We are aghast at the slaughter Isis brings - their use of children and the recruitment of teens to join the forces. Yet have we forgotten our crusades to free the Holy Land from Islam and Judaism? Time and again our armies marched under the banner of the cross. We even recruited children for the infamous children’s crusade. And when we got there what did we do? Well, there were things like that time we rounded up all the Jews and Muslims living in a village (interesting how they could live side by side). Having rounded them up, we forced them, men, women and children alike, into a synagogue and burned it down while they were locked inside. Before we leave the subject, let us not forget the pogroms against the Jews which laid the foundation for Hitler. Swinging the jawbone of an ass thousands died while Samson is revered. Shall we pause to sing a hymn:
“Onward, Christian soldiers, marching as to war,
With the cross of Jesus, going on before!
Christ the royal Master, leads against the foe,
Forward into battle, see his banner go!
Onward, Christian soldiers, marching as to war,
` With the cross of Jesus going on before!"
No, we cannot naively paper over what Isis is doing. Religion is a powerful dynamo in human life. Faith and faithful zeal unleash vast powers into the human heart and will. The path of righteousness can take us to the greatest heights of living . . . or the path of righteousness can lead us to the lowest valleys of low. This lowest righteousness can look to us, for all the world, like the heights of faith.
The peril of faith is never with God. The peril of faith rests in those who believe. While Jesus said, “Do unto others as you would have them do unto you”, Samson turns this on its head saying “I will do to them as they did to me.” Sadly, Samson’s adage is more popular than Jesus’. And easier.
No matter the religion, the peril is the same: the human heart. While the heart aspires to be God-like, the gravity of sin constantly pulls us downward. It is for this reason we must intentionally form our lives. As with every faith in every age, we must look to those practices, tried and true, which focus on the soul’s transformation. Purgation of every downward pull. Illumination of life’s heights. Union with the loving God uniting us all. “Lord I want to be more loving in my heart”. What practices make those words a reality in your life?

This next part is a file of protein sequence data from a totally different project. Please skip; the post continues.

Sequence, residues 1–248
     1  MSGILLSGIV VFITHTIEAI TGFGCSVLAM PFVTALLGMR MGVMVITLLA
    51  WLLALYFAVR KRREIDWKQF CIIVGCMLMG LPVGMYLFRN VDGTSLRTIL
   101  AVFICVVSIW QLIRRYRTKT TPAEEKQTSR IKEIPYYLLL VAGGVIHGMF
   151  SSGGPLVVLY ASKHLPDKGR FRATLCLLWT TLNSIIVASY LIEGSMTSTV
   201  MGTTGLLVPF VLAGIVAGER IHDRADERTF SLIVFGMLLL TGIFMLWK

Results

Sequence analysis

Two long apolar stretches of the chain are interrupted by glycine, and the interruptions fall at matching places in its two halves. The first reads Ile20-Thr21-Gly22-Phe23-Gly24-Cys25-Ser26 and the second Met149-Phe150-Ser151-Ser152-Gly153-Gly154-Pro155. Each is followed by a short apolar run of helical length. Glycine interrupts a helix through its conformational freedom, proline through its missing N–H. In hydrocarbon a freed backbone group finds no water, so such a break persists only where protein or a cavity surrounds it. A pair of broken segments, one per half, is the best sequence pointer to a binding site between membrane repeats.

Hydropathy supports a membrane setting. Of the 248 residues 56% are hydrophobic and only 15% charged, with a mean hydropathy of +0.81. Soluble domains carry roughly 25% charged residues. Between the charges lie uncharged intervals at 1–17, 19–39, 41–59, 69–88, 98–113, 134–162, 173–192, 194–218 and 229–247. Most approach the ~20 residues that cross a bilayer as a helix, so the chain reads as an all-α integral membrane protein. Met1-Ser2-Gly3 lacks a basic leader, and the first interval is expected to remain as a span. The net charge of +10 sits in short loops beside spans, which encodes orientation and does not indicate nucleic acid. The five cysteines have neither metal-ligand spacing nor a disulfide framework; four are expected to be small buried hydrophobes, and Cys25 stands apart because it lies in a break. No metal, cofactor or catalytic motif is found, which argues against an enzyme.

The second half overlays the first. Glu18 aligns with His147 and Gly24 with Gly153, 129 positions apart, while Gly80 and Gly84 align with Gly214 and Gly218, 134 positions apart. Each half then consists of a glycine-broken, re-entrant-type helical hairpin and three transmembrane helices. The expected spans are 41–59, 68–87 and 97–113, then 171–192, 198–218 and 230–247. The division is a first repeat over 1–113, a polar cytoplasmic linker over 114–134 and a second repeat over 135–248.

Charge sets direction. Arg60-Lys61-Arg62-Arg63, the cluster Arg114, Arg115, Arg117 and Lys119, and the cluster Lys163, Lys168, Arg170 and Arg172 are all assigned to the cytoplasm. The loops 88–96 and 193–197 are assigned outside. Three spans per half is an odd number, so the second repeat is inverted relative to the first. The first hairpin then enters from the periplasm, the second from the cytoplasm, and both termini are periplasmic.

For some reason which I can never understand, gaining the heights takes more time than sinking to the lows. The heights are forever harder, the lows easier. So what do you personally do, with intent and discipline, to keep your soul on the rise? Without an answer to this question your heart is, without a doubt, sinking.
Amidst all its zeal, Isis’ heart has forgotten, neglected, or overlooked one of Islam’s key tenets - that a Muslim, every Muslim, has an obligation to take care of and see to the well- being of their neighbor - Muslim, Jew, or Christian makes no difference.
The atrocities of Isis arise from the same human heart we share in common with them and our hearts have spawned their own atrocities. As I listen to the saber rattling responses to Isis by so many of our nation’s leaders and candidates, I fear our heart will spawn some more.
While we must condemn, in no uncertain terms, the deplorable evils we see unfolding, we must do so with an understanding which is far short of sympathy or affirmation. We glibly label it “terrorism” and reaching for Samson’s jawbone we raise it above the Philistines, ready to do to them what they did to us, just as Samson said. Our hearts fill with a rage bent on revenge. One thousand dead Philistines or one thousand members of Isis - what’s the difference?! All the while, Jesus calls those same hearts to love our enemies, praying for those who persecute us, and doing good to those who hate. What’s a soul to do?